Throughout this film, I was wondering “the guy they got to play Sinbad seems a little small, bald and unimposing to be playing one of literature’s greatest heroes” until the end credits rolled and I realised that Sinbad was also the film’s writer, producer and director, Shahin Sean Solimon. Hey, he went and got funding and made a film of his pet project, and all I did was buy a pad of paper so I could criticise him. He wins.
As a kid, Ray Harryhausen’s “Sinbad” movies were my favourites – I always preferred them to Star Wars, which is the thing most other kids my age loved (although I liked Star Wars just fine). “The Seventh Voyage of Sinbad”, “The Golden Voyage of Sinbad” and “Sinbad And The Eye Of The Tiger” are full of larger than life characters, great adventure, revolutionary special effects and still look amazing today. So, to make a film in 2014 which claims to stand in Harryhausen’s tradition, you’d better come correct. Action! Heroism! Cool looking monsters! A bit of Arabian flavour! These are the things we Sinbad fans crave.
Unfortunately, what this film gave us was a quiet, unassuming lead, a bunch of completely interchangeable cannon-fodder crew, a story which was just a bunch of scenes vaguely strung together (and most of which you’ll remember from earlier, better films) and, strangest of all, special effects which manage to look cheaper and worse than those done over 50 years ago! The story also manages to be confusing right from the off by having a scene, then a “Many Years Later”, then one scene later “24 hours earlier”, and has flashbacks running through the film which aren’t in chronological order either.
The plot is, Sinbad is trying to rescue his betrothed, who’s been kidnapped by an evil wizard. He and his crew try and track him down, all the crew die without putting up a fight, then Sinbad kind-of tricks a genie to teleport him the rest of the way to her. But the genie just sort of gets him close, for no reason other than they’ve got five more minutes they need to fill. By the way, the “Sinbad and the genie discuss the rules of wishing” is perhaps the dullest few minutes in recent film history. But I digress.
Patrick Stewart is top billed, in his role as narrator. His voice is great, naturally, but his narration is maybe 5-10 minutes of screen time, and he probably did it in the taxi on his way from one job to another. Also, he’s narrating things as future Sinbad, so it’s sort of odd to know that when he gets old, Sinbad’s accent will change from slightly middle-Eastern into a posh old English fella.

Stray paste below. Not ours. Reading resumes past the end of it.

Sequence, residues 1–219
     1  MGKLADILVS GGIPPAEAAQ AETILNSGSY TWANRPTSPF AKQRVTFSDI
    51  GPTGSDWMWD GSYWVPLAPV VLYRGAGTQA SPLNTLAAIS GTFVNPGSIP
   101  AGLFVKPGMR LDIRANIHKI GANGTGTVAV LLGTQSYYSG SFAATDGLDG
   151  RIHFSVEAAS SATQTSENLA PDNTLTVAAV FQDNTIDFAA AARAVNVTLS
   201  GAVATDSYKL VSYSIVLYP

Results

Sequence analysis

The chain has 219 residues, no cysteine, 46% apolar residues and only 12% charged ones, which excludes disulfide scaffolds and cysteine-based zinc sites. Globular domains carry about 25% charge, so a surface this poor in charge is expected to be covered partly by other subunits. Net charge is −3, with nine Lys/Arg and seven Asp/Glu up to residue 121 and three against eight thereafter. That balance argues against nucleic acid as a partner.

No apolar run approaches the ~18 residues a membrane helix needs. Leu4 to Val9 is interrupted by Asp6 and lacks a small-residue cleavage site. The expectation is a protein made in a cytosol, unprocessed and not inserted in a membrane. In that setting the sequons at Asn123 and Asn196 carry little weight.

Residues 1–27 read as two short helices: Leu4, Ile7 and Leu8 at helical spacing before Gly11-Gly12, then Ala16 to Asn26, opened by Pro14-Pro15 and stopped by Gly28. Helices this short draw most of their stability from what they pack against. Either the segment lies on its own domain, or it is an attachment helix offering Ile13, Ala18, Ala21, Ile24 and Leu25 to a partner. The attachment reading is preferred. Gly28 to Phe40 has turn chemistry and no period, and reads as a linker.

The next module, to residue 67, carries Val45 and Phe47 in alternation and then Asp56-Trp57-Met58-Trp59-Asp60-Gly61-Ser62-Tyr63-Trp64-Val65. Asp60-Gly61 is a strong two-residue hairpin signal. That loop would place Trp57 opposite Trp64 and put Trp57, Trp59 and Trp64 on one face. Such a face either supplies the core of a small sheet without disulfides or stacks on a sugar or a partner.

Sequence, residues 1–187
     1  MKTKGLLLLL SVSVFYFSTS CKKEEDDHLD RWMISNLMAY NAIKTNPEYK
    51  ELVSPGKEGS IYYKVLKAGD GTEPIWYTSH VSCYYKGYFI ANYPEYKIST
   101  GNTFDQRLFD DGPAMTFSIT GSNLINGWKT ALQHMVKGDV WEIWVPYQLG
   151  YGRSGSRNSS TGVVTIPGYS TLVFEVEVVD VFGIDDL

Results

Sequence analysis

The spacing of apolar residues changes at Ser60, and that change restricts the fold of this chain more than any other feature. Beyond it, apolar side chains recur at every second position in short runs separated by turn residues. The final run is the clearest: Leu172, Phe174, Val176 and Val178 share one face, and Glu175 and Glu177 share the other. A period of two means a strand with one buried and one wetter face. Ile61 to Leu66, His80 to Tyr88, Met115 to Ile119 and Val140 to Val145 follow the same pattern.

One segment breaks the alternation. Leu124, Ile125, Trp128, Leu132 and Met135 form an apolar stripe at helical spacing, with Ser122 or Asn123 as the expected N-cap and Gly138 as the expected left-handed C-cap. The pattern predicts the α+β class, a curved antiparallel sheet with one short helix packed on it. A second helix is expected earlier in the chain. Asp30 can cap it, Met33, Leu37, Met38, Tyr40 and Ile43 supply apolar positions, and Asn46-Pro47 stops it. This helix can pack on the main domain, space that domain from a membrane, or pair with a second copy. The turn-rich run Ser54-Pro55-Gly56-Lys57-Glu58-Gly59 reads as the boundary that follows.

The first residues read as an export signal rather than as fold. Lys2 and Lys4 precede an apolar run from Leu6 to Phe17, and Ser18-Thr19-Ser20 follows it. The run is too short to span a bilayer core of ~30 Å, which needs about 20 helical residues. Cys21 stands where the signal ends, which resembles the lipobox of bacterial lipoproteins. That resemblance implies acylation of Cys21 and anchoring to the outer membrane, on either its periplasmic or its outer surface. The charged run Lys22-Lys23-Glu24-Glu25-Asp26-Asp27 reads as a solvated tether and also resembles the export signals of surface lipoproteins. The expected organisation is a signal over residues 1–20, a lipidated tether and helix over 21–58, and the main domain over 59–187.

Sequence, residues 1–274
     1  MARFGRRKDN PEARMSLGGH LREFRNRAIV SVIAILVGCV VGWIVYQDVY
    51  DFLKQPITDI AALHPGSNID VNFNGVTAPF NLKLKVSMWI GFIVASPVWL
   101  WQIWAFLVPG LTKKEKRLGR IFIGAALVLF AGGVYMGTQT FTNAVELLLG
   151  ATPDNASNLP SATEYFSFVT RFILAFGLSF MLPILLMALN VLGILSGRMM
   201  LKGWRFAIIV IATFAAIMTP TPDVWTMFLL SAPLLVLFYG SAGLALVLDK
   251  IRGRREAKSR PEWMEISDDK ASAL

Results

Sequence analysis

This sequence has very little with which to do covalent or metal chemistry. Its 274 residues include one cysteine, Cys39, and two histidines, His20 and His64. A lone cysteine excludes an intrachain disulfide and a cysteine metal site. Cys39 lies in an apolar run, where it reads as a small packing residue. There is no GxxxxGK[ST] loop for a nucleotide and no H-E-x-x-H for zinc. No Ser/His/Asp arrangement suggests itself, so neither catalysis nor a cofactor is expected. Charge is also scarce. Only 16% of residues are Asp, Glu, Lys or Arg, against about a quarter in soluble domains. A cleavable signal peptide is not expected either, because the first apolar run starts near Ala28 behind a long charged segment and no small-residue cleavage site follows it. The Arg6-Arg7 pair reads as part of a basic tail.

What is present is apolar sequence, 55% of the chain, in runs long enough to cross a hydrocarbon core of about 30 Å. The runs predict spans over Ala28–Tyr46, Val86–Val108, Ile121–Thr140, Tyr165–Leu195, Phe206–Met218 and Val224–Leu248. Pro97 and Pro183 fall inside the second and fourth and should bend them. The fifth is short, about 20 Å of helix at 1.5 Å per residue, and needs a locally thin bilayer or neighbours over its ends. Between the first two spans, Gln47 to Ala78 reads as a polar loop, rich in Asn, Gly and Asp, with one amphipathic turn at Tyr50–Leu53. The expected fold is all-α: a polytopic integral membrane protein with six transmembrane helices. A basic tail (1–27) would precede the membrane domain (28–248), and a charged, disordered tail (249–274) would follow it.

The moment a skeleton came out to fight Sinbad, I booed at the screen. The skeleton fight from Harryhausen’s “Jason And The Argonauts” is in my top 10 scenes of all time, a classic piece of moviemaking that still excites over half a century later. Don’t believe me? Thanks, Youtube!
“Sinbad: The Fifth Voyage” has two skeletons, one of which lasts about five seconds. If that’s all you can do, just give up. Use a different scene. Do not remind us of one of the greatest scenes of all time in your bad movie.
So there’s an underwhelming hero, a terrible baddie who can’t act worth a damn, rotten special effects, a confusing plot, and narration which is so out of place it makes the movie seem worse. And it barely qualifies as a movie! 79 minutes listed, but 10 minutes of that is credits, and there’s a not-short opening credits scene as well.
I’m not so much annoyed that it’s bad, although it’s really bad, I’m more annoyed it exists at all. If you’re going to do a Sinbad movie, go big or go home. Or, don’t try and copy a master and just do your own thing with one of the other stories. Looking at it on IMDB, where it currently sits at 6.5 / 10 with 4300 voters, makes me think someone got a heck of a lot of their friends to vote 10. Heck, this is even worse than Asylum’s Sinbad movie!
Rating: thumbs down